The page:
The Eastern Columbia Gorge.  

Windmills, Maryhill Loop Road


I’ve been falling in love with the eastern Columbia Gorge for about a decade, so one would think that the falling would be done by now.  I grew up in the deciduous forests of central Pennsylvania, where summers were lush, and the thunderstorms rolled in at the end of the hottest days, and the grass there stayed green until the cold of December made the landscape white.  The great, arid expanses of the American west, specifically Oregon for me, are like an alien planet.  I’m fascinated by the undulating hills, devoid of trees, and teeming with grasses that turn golden in mid June.  There’s a stark beauty that dryness creates.  It’s alien to me because I’m an an east coast boy, but it’s familiar and evocative as a “Roadrunner and Coyote” cartoon (yes, it’s in my blood because of Looney Toons).  The old west beckons from the 19th century in the American Psyche via western movies, but the windmills are ushering in the 21st century.  I’ll take both centuries.  I’ll take the landscape.  I’ll take the dry grasses and White Oak trees.  Throw in Google, wind power, and a camera from 1946, and I’m in heaven.   

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Shooting 8×10 again!

white-river-falls,-may-2017-2

White River Falls, Tight Valley, Oregon

I finally made it down to the viewpoint at White River Falls with an 8×10 camera in May.  My left knee was well enough to attempt the climb down with 70 pounds of camera gear.  There may be hope yet.

Between darkrooms and making due

Well, the new house in Hood River is very efficient, but not conducive to containing a production darkroom.  I set up the third bedroom with the D5XL enlarger, and some of the framing equipment, but it’s carpeted, so all of the wet stuff has to happen in the bathroom with my Jobo CPP processor.

So….

I bought a digital camera to keep me going until I carve a darkroom out of the garage.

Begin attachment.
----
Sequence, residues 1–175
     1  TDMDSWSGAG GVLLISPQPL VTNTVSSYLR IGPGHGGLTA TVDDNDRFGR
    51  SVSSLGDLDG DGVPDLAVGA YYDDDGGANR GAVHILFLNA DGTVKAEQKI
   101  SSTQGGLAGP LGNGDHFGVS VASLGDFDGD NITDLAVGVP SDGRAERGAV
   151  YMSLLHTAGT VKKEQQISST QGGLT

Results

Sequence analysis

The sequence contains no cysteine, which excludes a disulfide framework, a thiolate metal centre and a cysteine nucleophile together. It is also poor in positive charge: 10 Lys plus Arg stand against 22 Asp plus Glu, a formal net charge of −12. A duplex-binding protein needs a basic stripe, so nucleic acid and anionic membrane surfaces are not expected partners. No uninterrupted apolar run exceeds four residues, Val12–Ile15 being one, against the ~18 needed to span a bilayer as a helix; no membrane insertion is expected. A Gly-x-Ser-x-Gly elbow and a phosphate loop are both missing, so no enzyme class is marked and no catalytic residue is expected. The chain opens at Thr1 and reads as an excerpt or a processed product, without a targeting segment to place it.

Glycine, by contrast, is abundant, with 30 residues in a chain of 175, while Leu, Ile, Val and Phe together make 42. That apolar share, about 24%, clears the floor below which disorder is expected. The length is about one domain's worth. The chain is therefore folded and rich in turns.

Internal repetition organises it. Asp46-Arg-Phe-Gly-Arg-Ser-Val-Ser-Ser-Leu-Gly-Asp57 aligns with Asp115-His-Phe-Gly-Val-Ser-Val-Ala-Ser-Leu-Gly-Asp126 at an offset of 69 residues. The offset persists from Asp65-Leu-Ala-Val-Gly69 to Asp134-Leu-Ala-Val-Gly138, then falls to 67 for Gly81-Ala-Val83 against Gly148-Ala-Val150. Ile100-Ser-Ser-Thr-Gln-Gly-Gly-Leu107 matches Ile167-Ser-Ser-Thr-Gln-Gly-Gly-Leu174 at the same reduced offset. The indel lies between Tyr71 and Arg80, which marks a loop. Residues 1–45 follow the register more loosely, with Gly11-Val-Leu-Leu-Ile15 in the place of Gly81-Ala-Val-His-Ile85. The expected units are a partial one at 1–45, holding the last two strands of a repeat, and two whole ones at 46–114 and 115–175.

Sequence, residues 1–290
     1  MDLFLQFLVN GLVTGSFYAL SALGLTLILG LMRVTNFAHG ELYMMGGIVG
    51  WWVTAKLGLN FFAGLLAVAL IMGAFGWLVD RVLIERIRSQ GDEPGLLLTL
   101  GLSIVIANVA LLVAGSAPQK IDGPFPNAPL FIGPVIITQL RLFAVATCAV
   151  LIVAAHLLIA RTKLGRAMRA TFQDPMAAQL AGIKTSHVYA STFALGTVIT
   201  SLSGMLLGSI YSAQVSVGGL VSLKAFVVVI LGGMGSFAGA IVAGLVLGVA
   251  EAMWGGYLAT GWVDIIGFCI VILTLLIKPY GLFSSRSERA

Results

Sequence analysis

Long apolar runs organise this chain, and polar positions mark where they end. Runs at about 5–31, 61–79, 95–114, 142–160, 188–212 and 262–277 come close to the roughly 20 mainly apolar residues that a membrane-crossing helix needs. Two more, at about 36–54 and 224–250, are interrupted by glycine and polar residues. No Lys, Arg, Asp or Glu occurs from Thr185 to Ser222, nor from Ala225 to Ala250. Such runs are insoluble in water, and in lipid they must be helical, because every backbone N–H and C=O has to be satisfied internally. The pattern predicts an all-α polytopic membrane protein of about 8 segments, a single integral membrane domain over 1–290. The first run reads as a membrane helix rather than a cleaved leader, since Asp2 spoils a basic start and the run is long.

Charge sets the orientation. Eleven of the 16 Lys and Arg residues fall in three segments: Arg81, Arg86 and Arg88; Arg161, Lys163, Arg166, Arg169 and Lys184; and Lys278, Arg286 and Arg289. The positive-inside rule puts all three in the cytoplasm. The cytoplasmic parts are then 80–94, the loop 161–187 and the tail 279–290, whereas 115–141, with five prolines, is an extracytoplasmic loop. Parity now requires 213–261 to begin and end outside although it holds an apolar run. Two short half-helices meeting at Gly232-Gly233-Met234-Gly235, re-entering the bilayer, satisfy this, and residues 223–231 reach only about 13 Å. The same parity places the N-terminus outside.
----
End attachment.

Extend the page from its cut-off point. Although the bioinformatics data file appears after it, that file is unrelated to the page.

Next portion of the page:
The impossible happened.

I have the photos to prove it.

Ruthton Point, October 2015 # 2I bought a used Nikon D300 with a 24-120 VR lens.  Then, I had my Nikon prime lenses converted to AI at Blue Moon Camera.  These include the following:

20mm, 35mm, 50mm, 65mm Macro (Vivitar), and 135mm.

Add to that my 300mm Tamron with a 2X teleconverter, and the package is complete.

The interesting part of this is that it made me a better film photographer.  Having the ability to see how my shot will turn out immediately enabled me to get the most out of my film shots.

I’m still shooting film, but I don’t get around to developing them as often as I’d like to.  I hope to get the Jobo fired up this weekend, so I’ll have some early spring shots coming up soon.

Angel’s Rest Trail, Part 2

Adam Robins, a friend and fellow photographer, and I made it to the top of the Angel’s Rest trail today. I didn’t take as much gear, and I took more water. The trail was shrouded in mist, and a light rain fell at times. We heard thunder on occasion.

When we reached the top, there was very little to see, as we were inside a cloud. It was raining below us. Very odd. I took a few pictures with my Nikon F3, and we headed back down. Then, we celebrated our victory at McMennamins Edgefield.

It was a good day.